Breaking down barriers to completing the single market in Europe
A Reuters Newsmaker with Lord Jonathan Hill, European Commissioner for Financial Stability, Financial Services, and Capital Markets Union (CMU) indicated that a wave of regulation from Brussels since the financial crisis may ease on his watch but there would be no repeals of legislation.
The event on Friday (April 17), hosted by Reuters Editor at Large Axel Threlfall and introduced by President of Financial & Risk David Craig, was Lord Hill’s first speech to London’s financial community since his appointment to the European Commission last November.
David Craig said: “We are now a quarter-century on from the historic Maastricht Treaty, which promised free movement of capital within the EU. Perhaps Lord Hill is the man who can finally deliver.”
The aim of CMU reforms, and some $338 (Euro 315) billion in investment, is to kick start growth in Europe. Lord Hill described a lack of jobs and growth as the biggest threat to financial stability in the region. (more…)
- France M&A activity totals $37.7 billion, down 55% compared to YTD 2014
- US DCM activity totals $642.6 billion, a 7% increase compared to year ago levels
- Europe ECM hits $79.2 billion so far in 2015, down 2% compared to last year
- Financials M&A hits $99.0 billion this year, down 20% from 2014 levels
- Consumer Products DCM underwriting totals $22.4 billion for YTD 2015, down 17%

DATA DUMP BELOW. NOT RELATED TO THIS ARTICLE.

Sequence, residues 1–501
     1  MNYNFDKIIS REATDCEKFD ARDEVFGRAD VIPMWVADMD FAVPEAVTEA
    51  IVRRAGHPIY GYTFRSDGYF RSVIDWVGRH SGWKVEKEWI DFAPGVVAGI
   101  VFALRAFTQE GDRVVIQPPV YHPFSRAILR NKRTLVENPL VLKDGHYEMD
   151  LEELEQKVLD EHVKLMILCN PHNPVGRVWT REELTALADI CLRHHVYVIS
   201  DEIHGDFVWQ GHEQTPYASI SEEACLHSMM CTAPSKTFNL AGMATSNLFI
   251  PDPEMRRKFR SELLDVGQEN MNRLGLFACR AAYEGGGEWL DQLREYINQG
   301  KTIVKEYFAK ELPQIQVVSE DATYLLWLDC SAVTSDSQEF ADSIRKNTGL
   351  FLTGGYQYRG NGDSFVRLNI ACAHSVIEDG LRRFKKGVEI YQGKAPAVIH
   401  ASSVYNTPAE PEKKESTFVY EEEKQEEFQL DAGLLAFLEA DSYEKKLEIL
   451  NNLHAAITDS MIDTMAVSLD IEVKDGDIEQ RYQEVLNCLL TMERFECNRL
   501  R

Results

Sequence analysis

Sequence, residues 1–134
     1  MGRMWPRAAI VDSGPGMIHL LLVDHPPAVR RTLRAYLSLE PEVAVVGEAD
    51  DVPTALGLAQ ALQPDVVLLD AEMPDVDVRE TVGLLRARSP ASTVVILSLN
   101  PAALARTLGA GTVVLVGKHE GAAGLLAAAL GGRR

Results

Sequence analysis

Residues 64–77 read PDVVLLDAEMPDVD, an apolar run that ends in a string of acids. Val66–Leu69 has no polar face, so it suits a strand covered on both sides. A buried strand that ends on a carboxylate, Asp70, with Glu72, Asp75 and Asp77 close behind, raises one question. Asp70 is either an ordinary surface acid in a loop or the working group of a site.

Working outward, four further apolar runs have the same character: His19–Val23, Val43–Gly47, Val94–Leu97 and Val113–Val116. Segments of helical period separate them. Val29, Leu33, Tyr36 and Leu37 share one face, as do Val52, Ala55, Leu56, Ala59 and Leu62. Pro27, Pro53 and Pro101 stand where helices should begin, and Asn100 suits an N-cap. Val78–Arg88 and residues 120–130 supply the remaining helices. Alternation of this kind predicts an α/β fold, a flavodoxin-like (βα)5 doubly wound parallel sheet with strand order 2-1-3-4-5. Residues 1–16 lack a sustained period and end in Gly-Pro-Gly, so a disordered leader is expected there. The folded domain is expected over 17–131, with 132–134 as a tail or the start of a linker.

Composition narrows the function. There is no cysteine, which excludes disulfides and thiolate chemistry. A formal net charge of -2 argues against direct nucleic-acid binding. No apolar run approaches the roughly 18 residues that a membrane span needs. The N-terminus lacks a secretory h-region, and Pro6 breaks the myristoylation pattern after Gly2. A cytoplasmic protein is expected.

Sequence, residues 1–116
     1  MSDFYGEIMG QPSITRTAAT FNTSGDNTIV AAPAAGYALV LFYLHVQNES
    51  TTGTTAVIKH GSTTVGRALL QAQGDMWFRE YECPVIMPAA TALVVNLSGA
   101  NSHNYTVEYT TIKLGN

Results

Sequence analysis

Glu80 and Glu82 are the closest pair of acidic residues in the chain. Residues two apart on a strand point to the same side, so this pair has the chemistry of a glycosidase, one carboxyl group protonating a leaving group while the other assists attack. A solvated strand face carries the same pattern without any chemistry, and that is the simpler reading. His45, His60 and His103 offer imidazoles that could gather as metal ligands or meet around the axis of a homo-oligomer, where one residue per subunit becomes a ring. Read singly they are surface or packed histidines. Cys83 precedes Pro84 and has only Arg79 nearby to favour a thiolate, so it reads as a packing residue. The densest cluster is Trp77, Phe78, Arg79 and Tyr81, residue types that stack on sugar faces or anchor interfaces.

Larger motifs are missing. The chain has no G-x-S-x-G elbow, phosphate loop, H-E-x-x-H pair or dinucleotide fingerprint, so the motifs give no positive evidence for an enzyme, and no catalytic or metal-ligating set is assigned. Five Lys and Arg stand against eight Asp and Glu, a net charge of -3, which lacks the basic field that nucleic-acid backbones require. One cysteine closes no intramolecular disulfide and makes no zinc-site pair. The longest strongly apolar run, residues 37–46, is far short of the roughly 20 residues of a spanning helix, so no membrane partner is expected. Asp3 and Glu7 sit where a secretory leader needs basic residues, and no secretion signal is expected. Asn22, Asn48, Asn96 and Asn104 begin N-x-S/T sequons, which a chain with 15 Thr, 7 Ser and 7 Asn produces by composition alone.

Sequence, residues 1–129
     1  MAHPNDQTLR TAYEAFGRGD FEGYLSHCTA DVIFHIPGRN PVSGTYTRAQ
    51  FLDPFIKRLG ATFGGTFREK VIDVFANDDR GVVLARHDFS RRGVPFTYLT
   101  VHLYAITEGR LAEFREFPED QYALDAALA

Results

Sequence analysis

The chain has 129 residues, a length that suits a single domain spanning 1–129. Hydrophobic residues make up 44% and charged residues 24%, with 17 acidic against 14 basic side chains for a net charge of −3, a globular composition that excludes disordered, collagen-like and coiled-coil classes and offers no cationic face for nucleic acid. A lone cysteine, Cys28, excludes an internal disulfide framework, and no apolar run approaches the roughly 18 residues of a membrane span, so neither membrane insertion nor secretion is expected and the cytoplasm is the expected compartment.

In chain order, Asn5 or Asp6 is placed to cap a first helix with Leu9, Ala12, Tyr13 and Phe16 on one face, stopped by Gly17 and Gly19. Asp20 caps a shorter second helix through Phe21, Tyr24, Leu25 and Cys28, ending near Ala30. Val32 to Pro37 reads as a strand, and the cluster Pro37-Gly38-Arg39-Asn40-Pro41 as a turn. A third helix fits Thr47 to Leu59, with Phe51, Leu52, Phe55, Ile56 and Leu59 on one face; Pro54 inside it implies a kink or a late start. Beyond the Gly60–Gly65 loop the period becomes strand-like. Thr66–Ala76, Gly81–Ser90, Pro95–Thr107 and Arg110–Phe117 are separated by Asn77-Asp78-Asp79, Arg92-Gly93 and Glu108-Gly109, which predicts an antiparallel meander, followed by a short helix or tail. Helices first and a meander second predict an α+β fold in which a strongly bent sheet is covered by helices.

- Technology ECM decreases 42% over 2014 with $19.4 billion raised
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Thomson Reuters Deals Intelligence delivers IB content including quarterly reviews showing trends in M&A and Capital Markets.
By John Manwaring, Head of Mobile and Search, Financial & Risk, Thomson Reuters
2015 is looking set to be the year when wearables will start a revolution in how we use technology in our daily lives. Last year saw a number of developments in the sector, most notably the launch of Google’s Android Wear and Samsung’s Gear S. Now, with the launch of the Apple Watch imminent, it’s not too fanciful to say that wearable devices have already begun to change the way we interact with the world around us, and reshape our expectation of what technology can – and should – be doing for us.
While devices like smartwatches are generally thought of as recreational, as consumers come to adopt them in their daily lives they will inevitably start to impact the way we work too. From tablets to smartphones, mobile technology has already become so ingrained in our daily lives that we are coming to expect there to be a seamless link between how we use technology at home and in the office, and in particular how we receive information through the working day.
At the same time, our working lives themselves are changing. The days of nine to five, of clocking in and out of the office every day, are fast disappearing as we expect more flexibility and autonomy. The financial services industry is no exception to this, and the technology used by financial markets practitioners should change to match. Technology is increasingly being relied upon to deliver information intelligently, where and when it matters most. (more…)